Do only what the reasons inherent in kingly and judicial powers prescribe for the benefit of mankind… change your ground, if in fact there is someone to correct and guide you away from some notion. But this transference must always spring from a conviction of justice or the common good: and your preferred course must be likewise, not simply for apparent pleasure or popularity.
We get it: what Stoicism calls you to do is hard, very hard. It is no coincidence that Ryan Holiday’s book The Obstacle of the Way was so successful amongst high flying Silicon Valley stars, hard tackling American football players and highly motivated graduate students. He gave them the words to express what they already knew to be true: to get somewhere in life, all of us, at least at some point, must struggle with and overcome our physical limitations, our inner most doubts, and our fair share of naysayers:
Obstacles are actually opportunities to test ourselves, to try new things, and, ultimately, to triumph (Obstacle is the Way, p10).
Yet, these words don’t just apply to the personal. They are just as pertinent for the collective. It takes courage and self-control not to turn the other way when you see gender-based discrimination at work, especially when your promotion depends on appeasing a bully. It takes a great deal of wisdom to bear in mind, and be critical of, the double standards that occur when men and women present the same behaviour at home or at the office. It takes further courage to question how much such views might contribute to a gender pay gap, amongst peers who dismiss race or gender wage disparities as linked to behavioral traits. But it is only by questioning our premises and confronting what holds us back that we can begin to work through societal challenges together.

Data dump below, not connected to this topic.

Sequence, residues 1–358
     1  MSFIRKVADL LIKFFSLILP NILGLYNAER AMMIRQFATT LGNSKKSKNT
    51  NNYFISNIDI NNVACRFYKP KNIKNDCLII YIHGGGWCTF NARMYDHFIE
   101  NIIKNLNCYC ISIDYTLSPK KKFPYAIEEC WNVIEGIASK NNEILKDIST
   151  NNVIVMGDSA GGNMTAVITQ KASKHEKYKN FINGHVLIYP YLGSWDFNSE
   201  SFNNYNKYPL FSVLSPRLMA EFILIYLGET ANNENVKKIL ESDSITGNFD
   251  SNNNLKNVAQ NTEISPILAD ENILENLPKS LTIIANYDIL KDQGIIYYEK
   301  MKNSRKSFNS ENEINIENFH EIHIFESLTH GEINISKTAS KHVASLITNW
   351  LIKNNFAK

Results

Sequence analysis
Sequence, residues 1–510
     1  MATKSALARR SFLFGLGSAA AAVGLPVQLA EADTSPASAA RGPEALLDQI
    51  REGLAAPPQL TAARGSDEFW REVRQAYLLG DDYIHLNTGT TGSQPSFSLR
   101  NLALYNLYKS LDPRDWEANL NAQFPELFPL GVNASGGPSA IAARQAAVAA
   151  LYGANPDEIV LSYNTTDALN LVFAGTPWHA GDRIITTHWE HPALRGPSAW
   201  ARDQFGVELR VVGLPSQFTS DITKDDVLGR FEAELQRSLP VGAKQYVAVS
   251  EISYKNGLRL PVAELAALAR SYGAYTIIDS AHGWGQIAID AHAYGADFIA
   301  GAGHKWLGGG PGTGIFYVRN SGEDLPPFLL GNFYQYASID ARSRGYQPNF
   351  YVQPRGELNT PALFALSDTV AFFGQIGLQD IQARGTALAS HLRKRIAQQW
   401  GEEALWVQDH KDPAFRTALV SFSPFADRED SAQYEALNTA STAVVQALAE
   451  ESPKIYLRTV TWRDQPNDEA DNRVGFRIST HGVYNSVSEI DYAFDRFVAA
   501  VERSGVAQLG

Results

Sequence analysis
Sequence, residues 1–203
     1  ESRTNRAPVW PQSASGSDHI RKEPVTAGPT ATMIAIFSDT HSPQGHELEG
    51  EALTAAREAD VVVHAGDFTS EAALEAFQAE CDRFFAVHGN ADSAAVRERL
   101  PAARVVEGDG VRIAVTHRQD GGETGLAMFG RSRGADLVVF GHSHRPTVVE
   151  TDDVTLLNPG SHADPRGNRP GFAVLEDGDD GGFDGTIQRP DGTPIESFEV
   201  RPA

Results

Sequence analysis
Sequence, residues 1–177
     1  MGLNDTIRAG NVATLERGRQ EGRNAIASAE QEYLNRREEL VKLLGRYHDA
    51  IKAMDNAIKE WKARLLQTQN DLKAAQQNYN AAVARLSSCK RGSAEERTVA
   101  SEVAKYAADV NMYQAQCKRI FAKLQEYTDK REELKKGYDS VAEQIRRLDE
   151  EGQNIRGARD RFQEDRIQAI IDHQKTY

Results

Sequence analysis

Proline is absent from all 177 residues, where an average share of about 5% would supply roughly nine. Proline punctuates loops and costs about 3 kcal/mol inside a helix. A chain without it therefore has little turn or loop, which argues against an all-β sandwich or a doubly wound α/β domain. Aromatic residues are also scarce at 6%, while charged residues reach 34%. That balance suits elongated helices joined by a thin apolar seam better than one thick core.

Stoicism offers all of us the tools to promote progressive values in our daily lives by inviting us to see our decision to take control and responsibility for our own thoughts and actions as a virtuous intention to live out our Stoic journey beyond our sense of self and onto the common good. We are called to do this not because we are heroes but because as Stoics we recognize that it is the right thing to do.
Kai Whiting is a university lecturer and researcher based at the University of Lisbon, Portugal. His specialist subjects are sustainable materials and Stoicism. He will be speaking at Stoicon 2018. He Tweets over at @KaiWhiting.
Leonidas Konstantakos is a college lecturer and researcher based at the Florida International University. His specialist subjects are Stoicism and International Relations.